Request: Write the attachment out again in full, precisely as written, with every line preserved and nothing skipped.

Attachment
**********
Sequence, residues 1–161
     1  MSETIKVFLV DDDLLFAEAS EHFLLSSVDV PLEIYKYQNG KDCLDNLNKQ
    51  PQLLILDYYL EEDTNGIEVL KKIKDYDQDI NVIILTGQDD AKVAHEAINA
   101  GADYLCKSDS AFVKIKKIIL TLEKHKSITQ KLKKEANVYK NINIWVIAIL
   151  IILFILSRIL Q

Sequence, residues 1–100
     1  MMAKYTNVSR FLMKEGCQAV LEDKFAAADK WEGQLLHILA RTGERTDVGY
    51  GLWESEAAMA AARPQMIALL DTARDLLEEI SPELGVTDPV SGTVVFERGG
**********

Sequence, residues 1–161
     1  MSETIKVFLV DDDLLFAEAS EHFLLSSVDV PLEIYKYQNG KDCLDNLNKQ
    51  PQLLILDYYL EEDTNGIEVL KKIKDYDQDI NVIILTGQDD AKVAHEAINA
   101  GADYLCKSDS AFVKIKKIIL TLEKHKSITQ KLKKEANVYK NINIWVIAIL
   151  IILFILSRIL Q

Sequence, residues 1–100
     1  MMAKYTNVSR FLMKEGCQAV LEDKFAAADK WEGQLLHILA RTGERTDVGY
    51  GLWESEAAMA AARPQMIALL DTARDLLEEI SPELGVTDPV SGTVVFERGG